Interoperability and information governance are among the technological priorities for NHS ‘vanguard’ sites, according to a support package published by NHS England.
The package has been developed to provide help and advice to the 29 original vanguards, which were launched earlier this year to trial new models of care in the NHS and to support nursing homes.
Alongside the support package, NHS England announced the first batch of funding for the vanguards, with just under £20 million going to three organisations, with another £41 million to be allocated this month.
This money comes from the £200m transformation fund, which was set up last year to support the implementation of the ‘Five Year Forward View’.
This is the report published last year by NHS England chief executive Simon Stevens, which calls for investment in public health and new ways of working to help find £22 billion of efficiency savings by 2020-21.
When coupled with £8 billion of additional funding promised by the Conservatives during the election campaign, this is meant to close a potential gap of £30 billion between NHS funding and rising demand and costs.
However, the acute sector appears to be facing an immediate crisis, with Monitor writing to foundation trusts yesterday to challenge their financial plans, and to call for additional steps to tackle a deficit that could reach £2 billion this year.
Steps suggested by Monitor include a freeze on non-essential hiring, trusts diverting patients to other providers with excess capacity, and the suspension of fines for missing targets.
NHS England says its vanguard package has been put together following a series of site visits, and covers eight areas, one of which is harnessing technology.
It says vanguards will be supported to “rethink how care is delivered, given the potential of digital technology to deliver care in radically different ways” and to “help organisations to more easily share patient information.”
The project, set up in 2011, links 133 care homes in Airedale, Wharfedale, Craven, Bradford and East Lancashire to a telehealth hub based at Airedale Hospital.
It gives residents access to clinical consultation via secure encrypted video links 24 hours a day, seven days a week, with a view to reducing A&E visits.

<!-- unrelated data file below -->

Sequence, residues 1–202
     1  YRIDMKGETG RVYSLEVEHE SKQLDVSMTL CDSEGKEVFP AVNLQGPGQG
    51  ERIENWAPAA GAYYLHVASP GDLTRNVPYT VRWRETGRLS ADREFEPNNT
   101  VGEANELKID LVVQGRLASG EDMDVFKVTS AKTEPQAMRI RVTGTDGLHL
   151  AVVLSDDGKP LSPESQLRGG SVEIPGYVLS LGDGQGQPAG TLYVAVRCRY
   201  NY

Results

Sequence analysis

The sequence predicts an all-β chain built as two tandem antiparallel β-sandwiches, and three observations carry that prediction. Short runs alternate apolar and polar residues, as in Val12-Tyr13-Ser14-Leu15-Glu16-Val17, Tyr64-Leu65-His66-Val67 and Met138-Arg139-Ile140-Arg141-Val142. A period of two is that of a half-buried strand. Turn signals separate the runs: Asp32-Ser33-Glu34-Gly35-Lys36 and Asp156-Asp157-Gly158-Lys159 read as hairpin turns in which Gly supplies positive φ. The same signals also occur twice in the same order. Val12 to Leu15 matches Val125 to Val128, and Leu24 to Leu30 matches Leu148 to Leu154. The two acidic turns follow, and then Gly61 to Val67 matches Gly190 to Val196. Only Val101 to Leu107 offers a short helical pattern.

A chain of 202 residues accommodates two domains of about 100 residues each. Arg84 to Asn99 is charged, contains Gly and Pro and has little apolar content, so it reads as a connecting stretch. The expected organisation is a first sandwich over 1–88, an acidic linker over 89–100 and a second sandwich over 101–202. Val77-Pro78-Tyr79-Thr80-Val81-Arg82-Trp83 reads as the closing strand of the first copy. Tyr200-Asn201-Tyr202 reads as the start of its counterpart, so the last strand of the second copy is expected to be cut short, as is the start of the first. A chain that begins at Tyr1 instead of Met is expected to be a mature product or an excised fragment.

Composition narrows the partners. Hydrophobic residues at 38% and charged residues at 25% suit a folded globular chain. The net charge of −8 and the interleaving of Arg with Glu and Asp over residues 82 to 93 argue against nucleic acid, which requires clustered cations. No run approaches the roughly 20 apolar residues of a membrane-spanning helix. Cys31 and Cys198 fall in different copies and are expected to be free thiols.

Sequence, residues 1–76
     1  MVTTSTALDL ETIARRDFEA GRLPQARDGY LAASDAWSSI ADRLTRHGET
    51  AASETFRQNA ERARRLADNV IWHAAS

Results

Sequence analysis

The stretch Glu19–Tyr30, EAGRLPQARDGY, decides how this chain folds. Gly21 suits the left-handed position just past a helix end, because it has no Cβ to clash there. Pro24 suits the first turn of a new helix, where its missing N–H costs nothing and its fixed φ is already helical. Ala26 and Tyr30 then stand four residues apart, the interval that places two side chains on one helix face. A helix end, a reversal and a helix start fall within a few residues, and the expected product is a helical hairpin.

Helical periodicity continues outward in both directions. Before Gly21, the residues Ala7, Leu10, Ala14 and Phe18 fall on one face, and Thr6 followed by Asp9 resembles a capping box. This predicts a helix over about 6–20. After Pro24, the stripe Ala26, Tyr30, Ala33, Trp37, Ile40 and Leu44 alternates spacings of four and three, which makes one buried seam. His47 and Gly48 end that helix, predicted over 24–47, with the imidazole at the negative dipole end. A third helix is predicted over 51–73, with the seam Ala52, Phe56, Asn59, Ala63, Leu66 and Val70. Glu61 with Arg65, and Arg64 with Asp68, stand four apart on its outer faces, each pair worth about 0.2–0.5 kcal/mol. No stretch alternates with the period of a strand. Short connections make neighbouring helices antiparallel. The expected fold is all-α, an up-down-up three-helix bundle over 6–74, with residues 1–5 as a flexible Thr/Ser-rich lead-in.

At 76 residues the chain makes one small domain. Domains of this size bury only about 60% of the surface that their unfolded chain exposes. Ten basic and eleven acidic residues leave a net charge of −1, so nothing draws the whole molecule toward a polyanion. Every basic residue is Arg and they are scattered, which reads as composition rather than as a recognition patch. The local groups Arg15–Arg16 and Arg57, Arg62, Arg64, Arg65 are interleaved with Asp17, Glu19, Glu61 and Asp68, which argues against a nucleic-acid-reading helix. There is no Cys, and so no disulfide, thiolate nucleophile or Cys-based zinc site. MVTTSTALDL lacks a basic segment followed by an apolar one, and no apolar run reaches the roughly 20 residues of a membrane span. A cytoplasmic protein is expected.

The report also argues that some areas, such as Hampshire and Mid-Nottinghamshire, have had success in creating models of information governance for sharing information.
It says these ‘pioneers’ will be used to create guidance on real-life clinical scenarios for other sites, while nationally agreed standard templates are in development.
Further support for the vanguards is in the pipeline in the form of dedicated technical and strategic support to develop ‘roadmaps to interoperability’, which are due to be published from November 2015, and linked digital strategies.
By December 2015, NHS England expects to begin publishing examples of digital successes to support other vanguards and the wider NHS.
Tracking the progress of the vanguard sites is an important area for the commissioning board, which identifies ‘evaluation and metrics’ as another enabling area for support.
The plan is to publish an initial suite of core metrics for each of the first three care models in the vanguard programme – integrated primary and acute care systems; multispecialty community providers; and enhanced health in care homes – by October 2015.
Examples include emergency admissions per person, bed days per person and quality of life for people with long- term conditions.
The first tranche of money to support the vanguard work comprises: £8.3 million for Northumberland Accountable Care Organisation; £6.5 million for Better Health and Care for Sunderland; and £4.9 million for South Somerset Symphony Programme.
A further £41m has been approved in principle for vanguard sites in Morecambe, Southern Hampshire, the Isle of Wight, Salford and Wirral. This funding will be finalised in August.